Pending successful completion of remaining construction tasks, West Seattle Bridge will reopen in September 2022

The West Seattle Bridge, seen with downtown Seattle in the background, is expected to reopen this September. SDOT has been working to reopen it since concrete cracks started rapidly growing in 2020. Final repairs are now underway and will make the bridge stronger than before. Photo: SDOT

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We announced today that the West Seattle Bridge is scheduled to reopen as soon as the week of September 12, 2022.

“We expect the West Seattle Bridge to be open to traffic during the week of September 12. Sharing that today is a relief since our focus has always been on safely getting everyone back on the bridge ASAP. It’s been hard having to wait for this update, but we did need to get through the concrete work to understand exactly where we were schedule-wise. Thank you for being so patient, Seattle.” – SDOT Program Manager Heather Marx

The disruptions caused by the regional concrete strike have had an ongoing impact on the project schedule. Our construction contractor originally planned to begin pouring concrete at the beginning of the year, but ultimately had to wait until mid-April to start pouring the structural concrete, which is essential to strengthening the bridge. Today’s announced schedule shift is about equal in length to the extra time spent waiting for concrete to arrive.

During the concrete strike, we adjusted the sequence of work activities to minimize delays and keep the project moving forward in other ways. Crews never stopped working to repair and strengthen the bridge, and continued working on epoxy injections and carbon fiber wrapping during the wait for concrete.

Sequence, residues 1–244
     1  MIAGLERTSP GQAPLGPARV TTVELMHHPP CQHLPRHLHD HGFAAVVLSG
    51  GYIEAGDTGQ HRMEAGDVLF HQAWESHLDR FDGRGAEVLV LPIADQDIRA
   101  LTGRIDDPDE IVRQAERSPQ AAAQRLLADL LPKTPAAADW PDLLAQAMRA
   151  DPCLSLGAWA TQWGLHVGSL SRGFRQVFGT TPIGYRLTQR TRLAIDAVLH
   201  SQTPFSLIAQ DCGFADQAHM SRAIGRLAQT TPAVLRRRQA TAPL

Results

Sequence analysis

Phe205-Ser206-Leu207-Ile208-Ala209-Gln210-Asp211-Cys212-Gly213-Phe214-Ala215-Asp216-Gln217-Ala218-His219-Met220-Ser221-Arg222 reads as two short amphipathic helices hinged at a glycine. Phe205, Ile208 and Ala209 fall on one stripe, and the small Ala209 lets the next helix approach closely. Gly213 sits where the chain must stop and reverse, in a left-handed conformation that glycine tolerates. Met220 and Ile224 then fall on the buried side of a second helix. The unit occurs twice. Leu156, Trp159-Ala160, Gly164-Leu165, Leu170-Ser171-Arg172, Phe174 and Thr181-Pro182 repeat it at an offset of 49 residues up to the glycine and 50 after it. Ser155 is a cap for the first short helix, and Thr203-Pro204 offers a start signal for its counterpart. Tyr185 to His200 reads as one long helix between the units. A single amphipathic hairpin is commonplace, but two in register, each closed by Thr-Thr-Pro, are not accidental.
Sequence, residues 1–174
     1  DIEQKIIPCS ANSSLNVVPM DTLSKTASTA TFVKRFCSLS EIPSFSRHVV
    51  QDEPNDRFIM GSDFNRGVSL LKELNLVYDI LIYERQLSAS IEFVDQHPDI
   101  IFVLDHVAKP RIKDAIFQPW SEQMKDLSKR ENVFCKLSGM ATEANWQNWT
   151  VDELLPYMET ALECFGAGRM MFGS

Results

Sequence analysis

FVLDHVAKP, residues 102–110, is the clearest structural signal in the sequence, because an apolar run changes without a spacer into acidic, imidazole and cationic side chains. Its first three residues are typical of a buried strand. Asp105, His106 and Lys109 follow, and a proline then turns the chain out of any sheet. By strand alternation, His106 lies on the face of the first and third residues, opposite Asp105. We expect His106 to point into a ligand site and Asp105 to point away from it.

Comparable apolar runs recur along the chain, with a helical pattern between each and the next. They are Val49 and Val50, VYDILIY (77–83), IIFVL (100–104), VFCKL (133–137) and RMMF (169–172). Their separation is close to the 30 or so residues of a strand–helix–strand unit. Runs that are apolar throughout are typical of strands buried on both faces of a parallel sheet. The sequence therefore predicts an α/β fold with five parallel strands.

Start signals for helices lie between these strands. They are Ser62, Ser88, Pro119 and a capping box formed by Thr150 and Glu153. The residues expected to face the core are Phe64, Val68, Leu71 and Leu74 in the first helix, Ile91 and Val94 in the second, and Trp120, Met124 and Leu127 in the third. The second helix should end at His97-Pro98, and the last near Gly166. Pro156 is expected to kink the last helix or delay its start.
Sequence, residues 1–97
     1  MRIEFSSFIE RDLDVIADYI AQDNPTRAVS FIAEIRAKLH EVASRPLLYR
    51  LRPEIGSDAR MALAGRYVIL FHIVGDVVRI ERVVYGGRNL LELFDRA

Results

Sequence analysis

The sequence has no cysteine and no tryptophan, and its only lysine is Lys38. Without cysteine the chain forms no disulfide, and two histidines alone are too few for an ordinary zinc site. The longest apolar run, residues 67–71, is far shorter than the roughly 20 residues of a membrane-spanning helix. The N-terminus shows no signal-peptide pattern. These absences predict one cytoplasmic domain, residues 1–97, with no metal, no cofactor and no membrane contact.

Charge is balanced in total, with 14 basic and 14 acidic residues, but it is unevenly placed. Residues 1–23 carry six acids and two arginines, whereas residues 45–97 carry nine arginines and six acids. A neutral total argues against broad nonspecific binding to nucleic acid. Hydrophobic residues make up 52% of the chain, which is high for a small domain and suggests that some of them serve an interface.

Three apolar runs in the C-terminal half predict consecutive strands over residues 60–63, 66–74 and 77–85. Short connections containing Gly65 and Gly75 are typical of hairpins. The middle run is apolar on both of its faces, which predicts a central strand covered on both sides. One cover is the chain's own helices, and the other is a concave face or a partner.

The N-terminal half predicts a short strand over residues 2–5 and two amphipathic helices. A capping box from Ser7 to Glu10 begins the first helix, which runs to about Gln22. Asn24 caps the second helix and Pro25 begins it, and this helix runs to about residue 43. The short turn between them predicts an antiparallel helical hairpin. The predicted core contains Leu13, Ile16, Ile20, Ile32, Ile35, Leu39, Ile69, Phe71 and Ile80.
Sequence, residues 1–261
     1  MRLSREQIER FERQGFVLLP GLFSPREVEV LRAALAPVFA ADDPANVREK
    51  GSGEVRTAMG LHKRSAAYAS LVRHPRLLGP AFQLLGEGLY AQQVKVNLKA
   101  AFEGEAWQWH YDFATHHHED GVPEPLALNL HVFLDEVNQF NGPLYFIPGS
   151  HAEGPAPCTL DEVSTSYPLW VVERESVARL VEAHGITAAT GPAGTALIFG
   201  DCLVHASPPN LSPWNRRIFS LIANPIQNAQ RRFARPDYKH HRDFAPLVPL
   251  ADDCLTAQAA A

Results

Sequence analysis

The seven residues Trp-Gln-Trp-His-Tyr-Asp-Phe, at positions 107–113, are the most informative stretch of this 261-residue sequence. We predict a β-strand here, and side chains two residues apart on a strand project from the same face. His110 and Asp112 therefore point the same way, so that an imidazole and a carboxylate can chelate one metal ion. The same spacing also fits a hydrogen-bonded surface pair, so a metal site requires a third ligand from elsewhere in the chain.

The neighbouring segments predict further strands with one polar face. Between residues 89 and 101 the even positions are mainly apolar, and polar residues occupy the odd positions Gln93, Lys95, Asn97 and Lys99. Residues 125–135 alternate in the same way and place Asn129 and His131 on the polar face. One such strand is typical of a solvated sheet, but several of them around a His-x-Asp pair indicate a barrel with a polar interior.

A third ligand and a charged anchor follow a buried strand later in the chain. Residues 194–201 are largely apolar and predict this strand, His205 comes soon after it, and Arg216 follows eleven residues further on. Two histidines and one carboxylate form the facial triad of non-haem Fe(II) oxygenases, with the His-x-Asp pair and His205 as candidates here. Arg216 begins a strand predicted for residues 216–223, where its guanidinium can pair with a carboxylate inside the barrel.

Specialized structural concrete is an essential part of the plan to strengthen the bridge. Crews finished pouring structural concrete on May 26, 2022 and it takes 28 days for the concrete to fully harden and become strong enough to hold the 20 million pounds of force associated with the new post-tensioning system. Crews are currently in the process of installing ducts and threading steel cables through the concrete blocks, but must wait for the concrete to finish hardening before they can tighten these cables to strengthen the bridge and prevent future cracking.

Construction workers pour concrete inside the West Seattle Bridge as part of the bridge repairs in May 2022. Four people in construction vests and hardhats work around a wheel barrow inside the bridge.
Construction crews poured structural concrete inside the West Seattle Bridge to create large anchors blocks for a new post-tensioning system, which will compress the bridge, making it stronger and ready for traffic once again. Photo: SDOT

Since the final structural concrete pour was completed, we have worked with the construction contractor to finalize the sequence of the remaining work. We will continue to hold its construction contractor accountable to meet their updated timeframe.

Remaining repairs for completion of the project require challenging and complex work. We released a tentative schedule today in the interest of transparency, and stressed that a project of this scale may still encounter additional unforeseen challenges outside the City’s control. We will continue to provide ongoing construction updates and notify the public if the schedule changes.

Workers pour concrete into the West Seattle Bridge as part of bridge repairs in May 2022. A large truck is connected to the concrete while it is poured using heavy equipment atop the bridge.